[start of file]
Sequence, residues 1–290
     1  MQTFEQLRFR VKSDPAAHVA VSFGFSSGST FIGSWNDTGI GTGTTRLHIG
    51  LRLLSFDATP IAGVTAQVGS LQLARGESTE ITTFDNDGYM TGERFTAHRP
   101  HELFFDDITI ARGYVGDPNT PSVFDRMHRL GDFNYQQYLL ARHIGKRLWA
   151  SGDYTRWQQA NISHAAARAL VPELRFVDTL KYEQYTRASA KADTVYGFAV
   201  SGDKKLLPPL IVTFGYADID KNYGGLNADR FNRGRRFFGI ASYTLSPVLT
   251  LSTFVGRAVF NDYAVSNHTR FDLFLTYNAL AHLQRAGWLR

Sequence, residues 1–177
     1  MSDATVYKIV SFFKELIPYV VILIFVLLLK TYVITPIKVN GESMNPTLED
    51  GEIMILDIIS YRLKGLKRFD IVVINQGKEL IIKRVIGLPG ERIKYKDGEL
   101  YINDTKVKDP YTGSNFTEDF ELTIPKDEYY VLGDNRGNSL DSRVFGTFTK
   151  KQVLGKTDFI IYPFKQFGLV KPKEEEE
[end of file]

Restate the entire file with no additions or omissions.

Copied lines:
Sequence, residues 1–290
     1  MQTFEQLRFR VKSDPAAHVA VSFGFSSGST FIGSWNDTGI GTGTTRLHIG
    51  LRLLSFDATP IAGVTAQVGS LQLARGESTE ITTFDNDGYM TGERFTAHRP
   101  HELFFDDITI ARGYVGDPNT PSVFDRMHRL GDFNYQQYLL ARHIGKRLWA
   151  SGDYTRWQQA NISHAAARAL VPELRFVDTL KYEQYTRASA KADTVYGFAV
   201  SGDKKLLPPL IVTFGYADID KNYGGLNADR FNRGRRFFGI ASYTLSPVLT
   251  LSTFVGRAVF NDYAVSNHTR FDLFLTYNAL AHLQRAGWLR

Sequence, residues 1–177
     1  MSDATVYKIV SFFKELIPYV VILIFVLLLK TYVITPIKVN GESMNPTLED
    51  GEIMILDIIS YRLKGLKRFD IVVINQGKEL IIKRVIGLPG ERIKYKDGEL
   101  YINDTKVKDP YTGSNFTEDF ELTIPKDEYY VLGDNRGNSL DSRVFGTFTK
   151  KQVLGKTDFI IYPFKQFGLV KPKEEEE